Generic Drugs: What’s Next for Viatris?By
Viatris, the new company formed from the combination of Mylan and Upjohn, Pfizer’s off-patent branded and generic established medicines business, is proceeding with a $1-billion restructuring initiative, which includes a rationalization of its manufacturing footprint. What’s next for the company?
The key issue for Viatris, the new company formed from the combination of Mylan and Upjohn, Pfizer’s off-patent branded and generic established medicines business, is its post-integration plan, which includes a multi-year $1-billion global restructuring initiative that involves a potential reduction of 20% of its workforce and a rationalization of its manufacturing footprint.
Viatris first announced plans for its restructuring last November (November 2020) following the closing of the deal that combined Mylan and Pfizer’s Upjohn. Viatris’ restructuring initiative is intended to reduce the company’s cost base by at least $1 billion, with a significant portion of the reduction expected to be achieved within the first two years following the close of the merger.
The company says it plans to close, downsize, or divest up to 15 manufacturing facilities globally that are deemed to be no longer viable either due to surplus capacity, challenging market dynamics, or a shift in its product portfolio toward more complex products. As a result, Viatris expects that up to 20% of its current global workforce of approximately 45,000 may be impacted upon completion of the restructuring initiative. The company says it will maintain an overall employee base and global manufacturing network that aligns with its go-forward operations.
The company has thus far identified five manufacturing facilities that will be impacted: (1) three oral solid-dose manufacturing facilities respectively in Morgantown, West Virginia, Baldoyle, Ireland, and Caguas, Puerto Rico; and (2) two active pharmaceutical ingredient (API) manufacturing facilities (Unit 11 and 12) in India. The workforce reductions at the impacted sites are expected to occur in phases over the next few years (as reported on December 11, 2020). Wherever feasible, Viatris says it will seek to find potential buyers for its facilities in order to preserve as many jobs as possible. In addition, the company has identified an additional eight manufacturing sites to be closed/divested, as reported in a March 1, 2021 investor presentation. Overall, the company now has approximately 50 manufacturing sites with annual dose capacity of approximately 80 billion.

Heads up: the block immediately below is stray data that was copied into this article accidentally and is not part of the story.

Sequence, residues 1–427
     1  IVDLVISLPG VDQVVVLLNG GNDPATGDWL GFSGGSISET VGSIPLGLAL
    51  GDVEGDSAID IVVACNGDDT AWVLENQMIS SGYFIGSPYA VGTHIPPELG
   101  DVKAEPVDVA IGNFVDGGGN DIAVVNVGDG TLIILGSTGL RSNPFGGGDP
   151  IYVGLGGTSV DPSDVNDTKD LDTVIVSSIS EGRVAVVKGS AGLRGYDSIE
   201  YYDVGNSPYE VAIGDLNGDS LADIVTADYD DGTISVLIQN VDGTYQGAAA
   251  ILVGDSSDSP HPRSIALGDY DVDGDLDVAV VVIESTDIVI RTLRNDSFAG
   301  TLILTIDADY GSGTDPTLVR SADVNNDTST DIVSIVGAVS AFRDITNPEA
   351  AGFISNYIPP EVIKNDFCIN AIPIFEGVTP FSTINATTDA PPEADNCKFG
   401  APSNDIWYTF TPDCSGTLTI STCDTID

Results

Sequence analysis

Viatris issued financial guidance for 2021 and expects to achieve revenues of between $17.2 billion and $17.8 billion. “The strategic rationale for creating Viatris is as compelling today as when we announced the transaction to create this new company in July 2019,” said Michael Goettler, CEO, Viatris, in a February 21, 2021 statement when offering the financial guidance. “We launched Viatris with a TSR-[total shareholder return] focused operating model and a commitment to maintaining a strong balance sheet. As we previously stated, our company’s priorities in the first three years as we stand up Viatris will be predominately focused on rebalancing the business, generating strong and growing free cash flows, and rapidly de-leveraging.” In the March 1, 2021 investor presentation, the company noted it is targeting debt repayment of approximately $6.5 billion through year-end 2023.
Overall, the combined company has 1,400 approved molecules and 30,000 SKUs. Developed markets (excluding Japan, Australia, and New Zealand) account for 60% of its 2021 estimated revenues (Europe 33% and North America 27%) or approximately $10.5 billion. Japan, Australia, and New Zealand account for approximately 11% of its 2021 estimated revenues or $1.9 billion. Emerging markets (excluding China) account for approximately 19% or $3.3 billion, and Greater China accounts for 10% or $1.8 billion.
Focus on complex, differentiated products
Consistent with a strategic goal on positioning itself in complex and differentiated products, on a pipeline basis, approximately 75% of its pipeline value is composed of complex generics and biosimilars. In developed markets (Europe and North America), the company’s largest market segment, it has approximately 2,100 commercial products. On a pipeline basis, it has 146 products pending approval and 110 products in development in North America, and in Europe, it has 110 products pending approval and 88 products in development.